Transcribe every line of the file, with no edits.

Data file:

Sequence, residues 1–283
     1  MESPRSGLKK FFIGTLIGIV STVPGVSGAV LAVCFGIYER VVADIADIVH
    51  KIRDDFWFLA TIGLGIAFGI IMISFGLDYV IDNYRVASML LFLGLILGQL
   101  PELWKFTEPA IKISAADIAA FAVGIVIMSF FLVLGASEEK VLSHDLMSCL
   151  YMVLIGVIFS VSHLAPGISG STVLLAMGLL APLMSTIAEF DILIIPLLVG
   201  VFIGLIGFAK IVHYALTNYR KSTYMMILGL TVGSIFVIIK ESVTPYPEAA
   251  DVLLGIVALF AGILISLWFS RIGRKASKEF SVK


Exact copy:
Sequence, residues 1–283
     1  MESPRSGLKK FFIGTLIGIV STVPGVSGAV LAVCFGIYER VVADIADIVH
    51  KIRDDFWFLA TIGLGIAFGI IMISFGLDYV IDNYRVASML LFLGLILGQL
   101  PELWKFTEPA IKISAADIAA FAVGIVIMSF FLVLGASEEK VLSHDLMSCL
   151  YMVLIGVIFS VSHLAPGISG STVLLAMGLL APLMSTIAEF DILIIPLLVG
   201  VFIGLIGFAK IVHYALTNYR KSTYMMILGL TVGSIFVIIK ESVTPYPEAA
   251  DVLLGIVALF AGILISLWFS RIGRKASKEF SVK